Tuesday, September 28, 2010

Turning vegetarian

E gave up all meat/most dairy products about 4 months ago now, to manage some digestive issues.  It's helped immensely, and he feels much better since then.  We had already been on a low-meat diet for environmental reasons for a long while, so day-to-day the change didn't affect much.  Cutting out meat, though, does require a bit more creativity in the kitchen to prevent us from eating a big bowl of random veggies every day, which is what most of my omnivorous friends assume I do anyway.

When we ate meat, I often felt like we fell into a cooking routine.  Each of our meals would just be meat + starch or grain + vegetable.  Usually, each component complimented the other nicely, and there was some thought behind that, but it was often pretty boring, required a whoooole ton of pots and pans and dishes to accomplish, and left us feeling sluggish and vaguely sick. Once in a while, we fall into a seafood-heavy rotation (fish/shellfish doesn't affect E the way meat does, and it is just so delicious)  and I feel this way all over again.  We also relied a lot more heavily on processed/pre-packaged/frozen foods, which was expensive and not healthy.  Now, we do just about all of our food shopping at the local green grocer, and just about everything that comes into our kitchen is whole, green (or some other nutrient-rich color), and infinitely satisfying to eat.  And a fiber rich diet does help keep the plumbing in working order.

So yes, I can't say enough good things about our new diet, especially about how we each feel to be putting so much good stuff in our bodies.  Our meals are simple, fresh, and fantastic, overall.  There have been a few bumps along the way.  Sometimes it's frustrating that I have to accommodate his dietary needs when other options are cheaper/easier (one evening where I blew up because I was making brown butter gnocchi and we were out of vegan butter and E said I had to use olive oil instead of real butter comes to mind), but I think we're both happy with the switch -- and I'm just glad E's feeling so much better!

And honestly, there aren't many recipes I have to miss -- so many things can be easily made vegetarian.  E can't do fake meat (and I'm not a big fan, either), so we usually just skip those alternatives.  Last night, for instance, I made a vegetarian minestrone because the weather has definitely taken a turn for the autumnal.  Instead of using beef broth or any meat to flavor the soup, vegetable stock and some carefully used spices does the job.  In under an hour we had a giant bowl of hot soup bubbling away on the stove, for under 10 bucks.  We froze about a meal and a half's worth right away, and I am enjoying a leftover bowl right now!  I highly recommend this recipe, which is the first I've made up on my own for minestrone!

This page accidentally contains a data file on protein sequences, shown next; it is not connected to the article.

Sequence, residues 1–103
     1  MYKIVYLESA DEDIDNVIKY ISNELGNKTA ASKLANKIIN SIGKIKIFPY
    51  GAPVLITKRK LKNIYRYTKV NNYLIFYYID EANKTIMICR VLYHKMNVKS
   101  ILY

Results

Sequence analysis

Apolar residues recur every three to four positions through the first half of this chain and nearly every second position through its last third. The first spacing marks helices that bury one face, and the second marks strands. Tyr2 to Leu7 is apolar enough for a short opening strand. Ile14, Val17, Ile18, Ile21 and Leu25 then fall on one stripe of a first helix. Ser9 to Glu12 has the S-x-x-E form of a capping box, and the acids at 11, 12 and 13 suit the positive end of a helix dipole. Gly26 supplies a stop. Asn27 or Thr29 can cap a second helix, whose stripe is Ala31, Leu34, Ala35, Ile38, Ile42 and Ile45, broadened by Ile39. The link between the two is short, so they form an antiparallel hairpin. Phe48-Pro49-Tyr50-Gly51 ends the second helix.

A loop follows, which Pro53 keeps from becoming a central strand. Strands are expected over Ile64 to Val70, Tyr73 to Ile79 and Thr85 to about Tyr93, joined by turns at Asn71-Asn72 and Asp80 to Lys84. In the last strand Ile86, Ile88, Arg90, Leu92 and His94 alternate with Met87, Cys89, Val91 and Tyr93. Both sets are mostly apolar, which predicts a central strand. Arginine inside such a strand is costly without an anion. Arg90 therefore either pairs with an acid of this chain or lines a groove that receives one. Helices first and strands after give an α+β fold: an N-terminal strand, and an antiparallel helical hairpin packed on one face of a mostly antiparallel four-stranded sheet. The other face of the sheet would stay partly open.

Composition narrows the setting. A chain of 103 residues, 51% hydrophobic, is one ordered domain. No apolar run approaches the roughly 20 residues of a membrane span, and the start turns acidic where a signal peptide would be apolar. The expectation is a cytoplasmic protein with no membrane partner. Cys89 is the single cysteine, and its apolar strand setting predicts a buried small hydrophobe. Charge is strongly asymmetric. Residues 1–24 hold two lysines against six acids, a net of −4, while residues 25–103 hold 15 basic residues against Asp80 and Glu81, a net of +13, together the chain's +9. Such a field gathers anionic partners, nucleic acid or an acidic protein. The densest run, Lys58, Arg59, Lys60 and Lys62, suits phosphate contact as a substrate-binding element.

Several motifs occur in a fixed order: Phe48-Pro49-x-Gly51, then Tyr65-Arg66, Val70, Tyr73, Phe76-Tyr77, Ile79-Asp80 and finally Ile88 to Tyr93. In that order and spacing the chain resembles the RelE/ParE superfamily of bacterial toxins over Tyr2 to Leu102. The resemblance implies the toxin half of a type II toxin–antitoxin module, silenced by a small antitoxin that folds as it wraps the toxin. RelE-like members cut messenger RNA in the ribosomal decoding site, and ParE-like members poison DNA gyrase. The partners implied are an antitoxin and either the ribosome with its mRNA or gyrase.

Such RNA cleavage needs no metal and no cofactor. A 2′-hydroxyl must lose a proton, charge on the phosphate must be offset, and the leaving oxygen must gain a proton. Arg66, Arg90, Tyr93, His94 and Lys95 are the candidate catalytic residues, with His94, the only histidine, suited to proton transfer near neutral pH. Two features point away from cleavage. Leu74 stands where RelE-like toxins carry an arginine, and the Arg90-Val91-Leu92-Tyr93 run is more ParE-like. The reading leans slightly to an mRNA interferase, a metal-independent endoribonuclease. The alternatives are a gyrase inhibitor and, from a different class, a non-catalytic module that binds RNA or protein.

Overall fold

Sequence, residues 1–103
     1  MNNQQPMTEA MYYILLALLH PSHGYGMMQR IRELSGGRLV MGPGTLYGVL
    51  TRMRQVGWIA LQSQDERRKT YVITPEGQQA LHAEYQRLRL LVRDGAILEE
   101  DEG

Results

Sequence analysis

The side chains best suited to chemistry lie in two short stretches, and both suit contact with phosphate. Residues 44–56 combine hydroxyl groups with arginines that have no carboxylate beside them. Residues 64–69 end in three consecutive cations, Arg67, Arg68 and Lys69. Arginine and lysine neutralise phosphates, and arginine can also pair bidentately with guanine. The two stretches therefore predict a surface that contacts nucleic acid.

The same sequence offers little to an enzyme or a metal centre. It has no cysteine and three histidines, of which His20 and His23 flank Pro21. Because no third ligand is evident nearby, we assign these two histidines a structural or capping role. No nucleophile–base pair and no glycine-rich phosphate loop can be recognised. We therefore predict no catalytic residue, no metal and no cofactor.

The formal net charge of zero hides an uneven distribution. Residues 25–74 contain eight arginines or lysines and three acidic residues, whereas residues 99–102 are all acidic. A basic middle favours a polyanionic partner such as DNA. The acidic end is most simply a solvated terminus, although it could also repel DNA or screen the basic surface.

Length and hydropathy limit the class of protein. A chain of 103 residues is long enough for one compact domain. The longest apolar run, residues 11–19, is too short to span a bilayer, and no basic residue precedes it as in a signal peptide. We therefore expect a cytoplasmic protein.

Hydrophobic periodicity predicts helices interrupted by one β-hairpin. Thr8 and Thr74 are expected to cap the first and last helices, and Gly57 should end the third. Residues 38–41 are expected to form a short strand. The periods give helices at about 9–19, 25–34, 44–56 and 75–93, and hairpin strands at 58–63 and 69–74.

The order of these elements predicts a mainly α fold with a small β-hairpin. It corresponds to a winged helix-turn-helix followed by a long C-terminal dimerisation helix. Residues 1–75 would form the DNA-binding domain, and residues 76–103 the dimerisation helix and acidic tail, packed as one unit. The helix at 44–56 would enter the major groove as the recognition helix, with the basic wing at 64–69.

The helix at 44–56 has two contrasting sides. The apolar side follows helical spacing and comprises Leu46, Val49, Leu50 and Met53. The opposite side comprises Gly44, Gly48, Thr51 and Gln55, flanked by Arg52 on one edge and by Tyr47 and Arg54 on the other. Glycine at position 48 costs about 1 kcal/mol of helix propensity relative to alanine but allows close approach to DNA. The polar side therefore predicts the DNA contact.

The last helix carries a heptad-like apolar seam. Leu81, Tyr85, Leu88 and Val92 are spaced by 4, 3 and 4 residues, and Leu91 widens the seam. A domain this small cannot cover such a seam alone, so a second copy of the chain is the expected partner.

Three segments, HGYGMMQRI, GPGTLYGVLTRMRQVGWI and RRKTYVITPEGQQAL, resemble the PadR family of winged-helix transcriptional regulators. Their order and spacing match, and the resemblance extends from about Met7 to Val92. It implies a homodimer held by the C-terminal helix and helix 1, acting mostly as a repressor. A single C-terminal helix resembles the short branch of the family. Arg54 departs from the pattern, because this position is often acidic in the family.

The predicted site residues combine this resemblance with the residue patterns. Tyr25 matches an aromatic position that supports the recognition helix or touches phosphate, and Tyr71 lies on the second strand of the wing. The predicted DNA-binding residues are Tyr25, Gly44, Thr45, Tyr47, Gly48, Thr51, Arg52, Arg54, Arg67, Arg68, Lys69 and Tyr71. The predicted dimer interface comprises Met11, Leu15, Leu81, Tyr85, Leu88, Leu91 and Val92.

Shae's Rough Vegetarian Minestrone Soup

  • 1/4 cup vegetable oil
  • 4 cloves of garlic, crushed (this can be reduced... we eat a lot of garlic and are desensitized)
  • 1/2 cup white onion, chopped
  • 1/4 cup carrot, chopped
  • 1/3 cup celery, chopped
  • 1 can crushed tomatoes (one of those big guys)
  • 1 can cannellini (white kidney beans)
  • 1 can red kidney beans
  • 3/4 of a bunch of fresh spinach, chopped (I am not sure how much spinach is in a bunch... probably close to a pound?  Feel free to eyeball this, but don't get too skittish -- spinach cooks down a LOT)
  • 2 pounds zucchini, diced
  • 8 cups vegetable stock (homemade or using bouillon, like I did)
  • a glug of wine, white or red (this is very scientific)
  • oregano, basil, black pepper to taste
  • 1/2 a pound of Ditalini

  1. Heat your oil in a large pot on the stove over medium heat.  Add the crushed garlic and the onion to the oil (Sidenote: to peel garlic easily, cut off the hard tip of the clove and crush it with the side of a knife. The skin will come off in one piece, and then you can prepare the garlic however you want).  Stir to coat, and let cook for about 2 minutes, and then add the carrots and the celery.  Let it cook until the onions are transparent and the garlic is fragrant.
  2. Add the contents of the can of crushed tomatoes.  Let it simmer for a few minutes while you cut up your zucchini and spinach.
  3. Add the vegetable stock to the pot.  Stir well. Once everything is incorporated, add the cut spinach and zucchini to the soup. Stir well, though the spinach won't wilt for a few minutes and might seem to refuse to mix in. It's okay.  Its time will come.
  4. In another pot, start boiling some water for your pasta.  Cook it until it is slightly underdone.
  5. Drain about 3/4 of the liquid out of the cans of beans.  Dump them into the soup pot.  When the pasta is ready, drain it and put it into the soup as well.
  6. At this point, I poured a glug of white wine in, which I think helped bring the flavors in the pot together.  I used some crappy wine we bought for cooking, and it worked great.  I think a red would be even more delicious, but I didn't have any on hand.  I also added a bit of dried oregano, a few leaves of fresh basil, and a healthy shake or two of black pepper to the pot at this point.
  7. Simmer the soup for 20-30 minutes, until the spinach and zucchini are cooked and it smells divine.  Serve with a shake of romano cheese and some crusty white bread. Makes at least 6 servings, depending on how hungry your crew is, and it's a satisfying, inexpensive, healthy meal.

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